Courts in New Jersey will compel the arbitration of discrimination and other employment statutes, but only if the underlying arbitration agreement “clearly and unmistakably” shows that the agreement covers these discrimination and statutory claims and the employee understands that he is waiving his or her right to a jury trial. As the Appellate Division demonstrated in Milloul v. Knight Capital Group, Inc., et al.,  even if the agreement covers statutory discrimination claims, it will fail if it does not expressly state that the employee is waiving his or her right to a jury trial.
Plaintiff signed a dispute resolution agreement (DRA) which read as follows:
I agree that I will settle any and all previously unasserted claims, disputes or controversies arising out of or relating to my application for employment, my employment or the cessation of my employment with Knight Capital Group, Inc. or any of its affiliates exclusively by final and binding arbitration pursuant to the rules of the American Arbitration Association. Such claims include but are not limited to claims under federal, state and local statutory law or common law, such as the Age Discrimination in Employment Act, Title VII of the Civil Rights Act of 1964, as amended, including the amendments of the Civil Rights Act of 1991, the Americans with Disabilities Act, the law of contract and the law of tort. 
The employment relationship between the plaintiff and his employer ended as so many do, with the firing of plaintiff. Believing that he was fired in violation of the New Jersey Law Against Discrimination (”NJLAD”), plaintiff filed his lawsuit and his former employer moved to compel arbitration. The trial court granting the motion, finding that plaintiff read and understood the DRA and that the DRA’s waiver language was a sufficient waiver of plaintiff’s right to a trial for any LAD claim.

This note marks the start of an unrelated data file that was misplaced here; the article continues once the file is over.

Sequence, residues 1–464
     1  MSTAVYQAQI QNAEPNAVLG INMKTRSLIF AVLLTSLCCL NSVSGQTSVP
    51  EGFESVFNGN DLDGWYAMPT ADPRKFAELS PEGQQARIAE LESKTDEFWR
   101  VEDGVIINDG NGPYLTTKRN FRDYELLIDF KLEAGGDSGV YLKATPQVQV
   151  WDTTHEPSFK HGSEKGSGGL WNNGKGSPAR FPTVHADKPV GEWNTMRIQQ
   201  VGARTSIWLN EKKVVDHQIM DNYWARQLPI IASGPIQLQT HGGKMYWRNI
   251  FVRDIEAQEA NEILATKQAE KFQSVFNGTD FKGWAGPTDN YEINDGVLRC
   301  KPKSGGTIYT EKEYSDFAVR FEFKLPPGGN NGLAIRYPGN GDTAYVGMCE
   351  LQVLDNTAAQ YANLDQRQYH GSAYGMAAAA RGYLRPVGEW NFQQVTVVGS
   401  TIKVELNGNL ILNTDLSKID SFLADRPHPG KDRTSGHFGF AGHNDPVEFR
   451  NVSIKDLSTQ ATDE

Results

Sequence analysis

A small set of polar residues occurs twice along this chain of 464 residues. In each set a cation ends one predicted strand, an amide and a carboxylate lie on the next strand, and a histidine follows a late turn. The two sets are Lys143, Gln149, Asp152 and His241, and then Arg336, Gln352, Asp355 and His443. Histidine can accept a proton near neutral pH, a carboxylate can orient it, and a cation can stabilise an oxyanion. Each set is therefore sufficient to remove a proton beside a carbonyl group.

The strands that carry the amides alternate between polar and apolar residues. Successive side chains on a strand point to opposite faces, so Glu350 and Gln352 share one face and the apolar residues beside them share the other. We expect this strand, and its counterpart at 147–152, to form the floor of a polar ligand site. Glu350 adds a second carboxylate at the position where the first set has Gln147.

The Appellate Division reversed. Although the scope of the DRA was broad enough to include statutory claims, the DRA did not include a “clear and unmistakable” waiver of plaintiff’s right to a jury trial. Relying on the N.J. Supreme Court’s ruling in Atalese v. US Legal Services Group LP,  the Appellate Division held that to be enforceable, an arbitration agreement must explain that an individual is giving up his or her right to bring claims before a court or jury.
The Bottom Line. Courts in New Jersey favor the arbitration of employment claims and will enforce properly drafted arbitration agreements. There is no mystery here; Milloul simply holds that arbitration agreements must clearly and unequivocally include language informing the employee that he or she is waiving a right to a jury trial. Therefore, if you have arbitration agreements, review them to ensure that they contain the necessary language to repel any attacks in court. If you are thinking of implementing an arbitration policy, make sure that the agreements you intend to use are drafted or reviewed by experienced counsel.